Search String 5

    String 5A
    PubSub 5A: Last updated: 2005-01-12T 20:51:13-05:00
    Bookmarks 5A: Last updated: 2005-01-12T 20:52:07-05:00

    String 5B
    PubSub 5B: Last updated: 2005-01-12T 20:53:07-05:00
    Bookmarks 5B: Last updated: 2005-01-12T 20:52:51-05:00

    Note: The above times are close, within seconds are apart, indicating that the subscription was created, XML-link saved, and PubSub saved the terms all within a close period of time.


    Now, the big surprise. Look back at the original times. Notice one was created later than the other. There was a two hour lag in the book marks.

    Also, note in search string 5, the time is around 20:53. Search string 5 was done before search string 3. So, if we look at another view of Search string 3, we should have times all before those of search string 5.

    Surprise, we don't.


    Search String 3B


    PubSub: Last updated: 2005-01-12T 21:04:08-05:00
    Bookmark: Last updated: 2005-01-12T 21:07:40-05:00


  • Strings 3A and 3B were both created at the same time, but there is a four hour gap [17:37 vs 21:04:08].

  • String 5 was actually created before strings 3, but reports later.

    Final check

    In the event there was a problem with any of the previous searches, we created a wildcard. This is another way of saying, "If the content, searches, parameters were in error, or something failed in either searches 1, 3, or 5, we would use string X as the back-up to check: Times, orders, baseline searches, and other assumptions in the baseline tests.

    Specifically, as a final confirming check, we conducted another search. Again, the above procedures were closely followed. This test simply confirmed whether or not the above search strings were valid.

    As expected, the times match closely in both the PubSub and the saved Bookmark, but interestingly produce no search result.


    Search String X


    Bookmark -- Last updated: 2005-01-12T 21:47:38-05:00
    PubSub -- Last updated: 2005-01-12T 21:50:56-05:00

    Note the time is 4 hours different than the original Search String 3


    With one exception: Same search string, same parameters, but now the results are empty.
  • In other words, nothing has changed in the PubSub search string, but the outputs do not match across similar searches.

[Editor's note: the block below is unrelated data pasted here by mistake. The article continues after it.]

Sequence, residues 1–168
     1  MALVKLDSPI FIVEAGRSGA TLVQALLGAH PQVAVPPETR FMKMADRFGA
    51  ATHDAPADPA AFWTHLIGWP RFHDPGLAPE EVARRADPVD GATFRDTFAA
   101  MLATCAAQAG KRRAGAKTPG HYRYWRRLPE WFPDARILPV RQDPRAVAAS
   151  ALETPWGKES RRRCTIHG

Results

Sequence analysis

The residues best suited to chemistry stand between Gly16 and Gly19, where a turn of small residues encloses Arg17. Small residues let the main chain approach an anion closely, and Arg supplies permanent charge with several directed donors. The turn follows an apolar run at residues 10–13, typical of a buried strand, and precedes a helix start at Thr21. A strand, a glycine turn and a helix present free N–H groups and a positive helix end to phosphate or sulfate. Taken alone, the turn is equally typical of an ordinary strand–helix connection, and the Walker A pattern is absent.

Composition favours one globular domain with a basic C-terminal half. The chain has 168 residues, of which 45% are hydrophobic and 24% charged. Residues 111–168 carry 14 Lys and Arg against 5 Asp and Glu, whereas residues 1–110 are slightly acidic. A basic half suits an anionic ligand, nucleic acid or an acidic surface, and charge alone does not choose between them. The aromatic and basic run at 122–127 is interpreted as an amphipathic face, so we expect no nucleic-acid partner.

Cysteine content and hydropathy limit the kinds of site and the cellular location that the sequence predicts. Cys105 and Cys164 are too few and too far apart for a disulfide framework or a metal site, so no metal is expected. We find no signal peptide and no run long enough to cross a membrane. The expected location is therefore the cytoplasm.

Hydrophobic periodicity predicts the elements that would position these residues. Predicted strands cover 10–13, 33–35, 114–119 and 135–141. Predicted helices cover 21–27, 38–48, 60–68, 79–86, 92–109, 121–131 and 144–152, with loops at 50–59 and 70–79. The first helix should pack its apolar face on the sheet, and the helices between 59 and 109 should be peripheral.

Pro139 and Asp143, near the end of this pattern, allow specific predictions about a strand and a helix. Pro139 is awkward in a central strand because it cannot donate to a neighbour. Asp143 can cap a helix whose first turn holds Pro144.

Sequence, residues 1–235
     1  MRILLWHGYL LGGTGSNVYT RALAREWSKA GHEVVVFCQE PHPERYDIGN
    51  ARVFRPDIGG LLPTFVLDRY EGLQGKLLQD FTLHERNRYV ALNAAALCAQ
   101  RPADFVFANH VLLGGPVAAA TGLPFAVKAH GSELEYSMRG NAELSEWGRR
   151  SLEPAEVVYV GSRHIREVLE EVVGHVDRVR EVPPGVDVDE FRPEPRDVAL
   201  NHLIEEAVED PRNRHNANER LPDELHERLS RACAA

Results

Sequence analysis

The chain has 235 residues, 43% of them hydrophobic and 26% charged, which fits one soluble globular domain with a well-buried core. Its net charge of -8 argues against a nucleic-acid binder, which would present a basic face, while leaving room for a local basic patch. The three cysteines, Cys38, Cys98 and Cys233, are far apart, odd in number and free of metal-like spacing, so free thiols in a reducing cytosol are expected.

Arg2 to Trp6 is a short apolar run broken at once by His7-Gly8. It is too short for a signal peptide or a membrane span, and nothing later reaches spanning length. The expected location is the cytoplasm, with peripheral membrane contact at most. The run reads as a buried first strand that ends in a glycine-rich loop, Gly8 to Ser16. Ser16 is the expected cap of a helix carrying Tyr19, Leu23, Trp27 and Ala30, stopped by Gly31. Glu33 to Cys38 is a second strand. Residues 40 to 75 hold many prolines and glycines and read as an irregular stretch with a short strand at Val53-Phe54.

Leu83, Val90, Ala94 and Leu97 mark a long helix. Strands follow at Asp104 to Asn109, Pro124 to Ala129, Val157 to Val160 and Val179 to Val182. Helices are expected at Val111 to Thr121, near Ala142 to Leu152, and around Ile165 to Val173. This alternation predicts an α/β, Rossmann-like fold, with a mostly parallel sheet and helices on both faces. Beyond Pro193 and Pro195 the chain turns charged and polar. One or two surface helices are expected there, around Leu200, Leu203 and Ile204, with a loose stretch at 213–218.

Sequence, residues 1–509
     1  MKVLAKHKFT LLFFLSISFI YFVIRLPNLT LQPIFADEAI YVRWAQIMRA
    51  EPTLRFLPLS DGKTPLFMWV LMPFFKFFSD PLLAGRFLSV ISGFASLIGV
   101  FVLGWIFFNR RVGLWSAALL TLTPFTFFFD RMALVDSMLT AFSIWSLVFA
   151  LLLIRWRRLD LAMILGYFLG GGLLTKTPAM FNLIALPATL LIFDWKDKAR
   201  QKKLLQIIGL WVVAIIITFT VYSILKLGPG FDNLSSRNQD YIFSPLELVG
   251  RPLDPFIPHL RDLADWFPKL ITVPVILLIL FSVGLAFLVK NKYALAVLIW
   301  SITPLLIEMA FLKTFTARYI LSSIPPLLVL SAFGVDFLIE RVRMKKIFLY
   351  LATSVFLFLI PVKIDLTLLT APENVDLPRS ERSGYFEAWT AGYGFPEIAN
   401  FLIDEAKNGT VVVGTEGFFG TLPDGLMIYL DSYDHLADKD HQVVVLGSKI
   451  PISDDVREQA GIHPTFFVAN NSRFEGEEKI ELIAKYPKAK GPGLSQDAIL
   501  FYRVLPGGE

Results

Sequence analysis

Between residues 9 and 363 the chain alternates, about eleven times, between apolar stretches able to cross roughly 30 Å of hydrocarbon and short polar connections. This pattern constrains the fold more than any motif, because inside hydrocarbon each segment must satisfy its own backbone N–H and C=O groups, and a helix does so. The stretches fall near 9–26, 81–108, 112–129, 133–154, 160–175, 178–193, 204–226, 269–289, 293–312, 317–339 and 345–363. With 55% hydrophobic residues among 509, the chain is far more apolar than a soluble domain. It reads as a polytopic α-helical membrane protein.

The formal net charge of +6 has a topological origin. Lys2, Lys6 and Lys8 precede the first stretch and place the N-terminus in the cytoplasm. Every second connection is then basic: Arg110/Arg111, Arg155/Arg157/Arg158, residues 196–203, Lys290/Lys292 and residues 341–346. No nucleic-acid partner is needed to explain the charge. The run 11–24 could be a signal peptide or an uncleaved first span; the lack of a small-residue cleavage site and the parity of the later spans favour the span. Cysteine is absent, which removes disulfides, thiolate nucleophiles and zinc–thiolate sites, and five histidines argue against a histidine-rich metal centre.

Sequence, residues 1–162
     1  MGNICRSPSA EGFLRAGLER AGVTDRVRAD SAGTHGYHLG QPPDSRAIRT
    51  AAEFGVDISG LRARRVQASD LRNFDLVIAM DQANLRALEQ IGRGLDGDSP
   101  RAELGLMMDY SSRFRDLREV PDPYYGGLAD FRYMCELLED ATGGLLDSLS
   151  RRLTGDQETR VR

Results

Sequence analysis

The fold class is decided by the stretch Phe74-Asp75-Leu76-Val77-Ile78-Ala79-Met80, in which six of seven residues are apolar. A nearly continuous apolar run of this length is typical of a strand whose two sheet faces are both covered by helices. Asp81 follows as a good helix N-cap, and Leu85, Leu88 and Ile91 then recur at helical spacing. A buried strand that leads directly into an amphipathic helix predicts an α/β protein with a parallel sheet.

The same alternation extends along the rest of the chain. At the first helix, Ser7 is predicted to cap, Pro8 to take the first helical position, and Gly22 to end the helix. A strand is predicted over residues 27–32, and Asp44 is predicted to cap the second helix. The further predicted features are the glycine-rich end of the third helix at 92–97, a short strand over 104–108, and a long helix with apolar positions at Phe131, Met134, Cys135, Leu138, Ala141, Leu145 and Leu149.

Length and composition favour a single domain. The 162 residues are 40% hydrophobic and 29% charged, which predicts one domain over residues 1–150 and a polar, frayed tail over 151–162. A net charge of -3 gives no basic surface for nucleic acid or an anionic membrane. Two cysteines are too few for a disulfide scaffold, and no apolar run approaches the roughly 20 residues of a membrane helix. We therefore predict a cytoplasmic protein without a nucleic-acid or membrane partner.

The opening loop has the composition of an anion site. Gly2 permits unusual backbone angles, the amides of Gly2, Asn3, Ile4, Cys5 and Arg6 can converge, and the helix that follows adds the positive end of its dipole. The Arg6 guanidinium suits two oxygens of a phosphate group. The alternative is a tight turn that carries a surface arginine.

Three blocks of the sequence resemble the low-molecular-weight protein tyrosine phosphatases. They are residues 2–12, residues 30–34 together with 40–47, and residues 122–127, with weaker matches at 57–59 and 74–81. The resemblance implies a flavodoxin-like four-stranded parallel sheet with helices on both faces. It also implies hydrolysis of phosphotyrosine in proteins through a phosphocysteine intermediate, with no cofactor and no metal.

Again, the quotations match, input parameters for the subscription are both the same. The only difference is the result.

    Curiously, note that the time of Search string 3 [09:57:19, 9AM] is now 12 hours earlier than search string X [21:50:56, 9PM]. Recall, the entire search-strings-sequences [1, 3, 5, and X] were inputted and saved within a short time, at most 1 hour.

    Review

    A search created and saved after another is now reporting as being created prior to that string. Search String 5 was created prior to search string 3; but PubSub reports 3 was created prior to 5:


    Bookmark 3A: 19:48
    PubSub 3A: 17:37

    PubSub 3B: 21:04
    PubSub 5: 20:53


    Summary table


  • PubSub took data a time 1 and clocked it. But then self-reported that it took the data at a different time.

  • PubSub allowed a user to create multiple search strings in a sequential order, but then reversed the order the searches were "logged as created".


    String Creation
    Actual Reported

    3 After 5 Before 5
    5 Before 3 After 3


    Questions:

    Why does a "subscription created" generate two different results: Both in subscription content, and in time created?

  • Content

    Why are the XML-links [saved as a bookmark at the time of creating a subscription] not matching the subscription [XML feed stored and used to execute the search in PubSub]?

  • Time-stamp

    Why does the same PubSub subscription generate two different "creation dates": one in PubSub and another associated with the saved-link in a bookmark?


  • Выставки и Сайты. Интересное

    Выставки и Сайты. Интересное
    Error

    Unreliable date-time-stamp data on subscriptions; invalid time-sequences, inconsistent search results of same-parameter search strings.